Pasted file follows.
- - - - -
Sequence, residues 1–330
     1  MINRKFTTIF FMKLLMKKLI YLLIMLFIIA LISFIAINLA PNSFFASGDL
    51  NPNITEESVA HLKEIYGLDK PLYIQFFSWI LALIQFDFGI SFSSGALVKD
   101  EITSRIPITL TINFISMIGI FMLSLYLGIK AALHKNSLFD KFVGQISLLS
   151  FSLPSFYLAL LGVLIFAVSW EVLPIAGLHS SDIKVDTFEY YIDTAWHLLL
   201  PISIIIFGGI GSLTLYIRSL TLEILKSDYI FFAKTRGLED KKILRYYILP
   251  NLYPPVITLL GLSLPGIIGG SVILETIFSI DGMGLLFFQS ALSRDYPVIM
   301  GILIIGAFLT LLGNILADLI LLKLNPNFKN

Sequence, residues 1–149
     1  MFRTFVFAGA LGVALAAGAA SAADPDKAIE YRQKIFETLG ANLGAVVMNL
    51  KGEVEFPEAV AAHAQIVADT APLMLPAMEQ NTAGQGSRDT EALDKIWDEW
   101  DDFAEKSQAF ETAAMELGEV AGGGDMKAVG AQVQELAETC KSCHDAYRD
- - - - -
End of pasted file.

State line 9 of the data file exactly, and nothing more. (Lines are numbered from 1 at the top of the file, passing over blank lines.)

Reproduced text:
Sequence, residues 1–149